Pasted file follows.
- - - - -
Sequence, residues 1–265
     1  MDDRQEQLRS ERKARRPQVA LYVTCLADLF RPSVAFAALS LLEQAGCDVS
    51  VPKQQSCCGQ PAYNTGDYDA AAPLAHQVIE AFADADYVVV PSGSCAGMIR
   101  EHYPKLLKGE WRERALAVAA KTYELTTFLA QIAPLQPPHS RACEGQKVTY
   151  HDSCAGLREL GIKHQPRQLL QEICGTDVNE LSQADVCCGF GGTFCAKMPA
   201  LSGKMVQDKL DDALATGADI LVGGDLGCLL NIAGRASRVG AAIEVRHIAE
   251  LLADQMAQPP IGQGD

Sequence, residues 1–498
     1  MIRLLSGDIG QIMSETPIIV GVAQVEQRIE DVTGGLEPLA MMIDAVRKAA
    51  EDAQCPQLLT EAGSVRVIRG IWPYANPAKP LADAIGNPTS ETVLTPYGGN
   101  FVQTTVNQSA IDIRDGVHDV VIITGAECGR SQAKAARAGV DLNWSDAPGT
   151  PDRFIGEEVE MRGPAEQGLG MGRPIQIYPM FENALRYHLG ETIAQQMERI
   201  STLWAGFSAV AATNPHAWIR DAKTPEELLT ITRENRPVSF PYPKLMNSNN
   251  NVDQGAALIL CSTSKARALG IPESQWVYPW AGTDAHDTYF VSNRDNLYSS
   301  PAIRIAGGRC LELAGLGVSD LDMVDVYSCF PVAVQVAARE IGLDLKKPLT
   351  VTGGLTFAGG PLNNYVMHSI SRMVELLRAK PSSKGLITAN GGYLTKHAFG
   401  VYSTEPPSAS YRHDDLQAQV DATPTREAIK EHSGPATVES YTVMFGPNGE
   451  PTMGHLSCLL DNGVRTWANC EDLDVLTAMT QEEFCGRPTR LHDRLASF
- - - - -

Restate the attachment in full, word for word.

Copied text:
Sequence, residues 1–265
     1  MDDRQEQLRS ERKARRPQVA LYVTCLADLF RPSVAFAALS LLEQAGCDVS
    51  VPKQQSCCGQ PAYNTGDYDA AAPLAHQVIE AFADADYVVV PSGSCAGMIR
   101  EHYPKLLKGE WRERALAVAA KTYELTTFLA QIAPLQPPHS RACEGQKVTY
   151  HDSCAGLREL GIKHQPRQLL QEICGTDVNE LSQADVCCGF GGTFCAKMPA
   201  LSGKMVQDKL DDALATGADI LVGGDLGCLL NIAGRASRVG AAIEVRHIAE
   251  LLADQMAQPP IGQGD

Sequence, residues 1–498
     1  MIRLLSGDIG QIMSETPIIV GVAQVEQRIE DVTGGLEPLA MMIDAVRKAA
    51  EDAQCPQLLT EAGSVRVIRG IWPYANPAKP LADAIGNPTS ETVLTPYGGN
   101  FVQTTVNQSA IDIRDGVHDV VIITGAECGR SQAKAARAGV DLNWSDAPGT
   151  PDRFIGEEVE MRGPAEQGLG MGRPIQIYPM FENALRYHLG ETIAQQMERI
   201  STLWAGFSAV AATNPHAWIR DAKTPEELLT ITRENRPVSF PYPKLMNSNN
   251  NVDQGAALIL CSTSKARALG IPESQWVYPW AGTDAHDTYF VSNRDNLYSS
   301  PAIRIAGGRC LELAGLGVSD LDMVDVYSCF PVAVQVAARE IGLDLKKPLT
   351  VTGGLTFAGG PLNNYVMHSI SRMVELLRAK PSSKGLITAN GGYLTKHAFG
   401  VYSTEPPSAS YRHDDLQAQV DATPTREAIK EHSGPATVES YTVMFGPNGE
   451  PTMGHLSCLL DNGVRTWANC EDLDVLTAMT QEEFCGRPTR LHDRLASF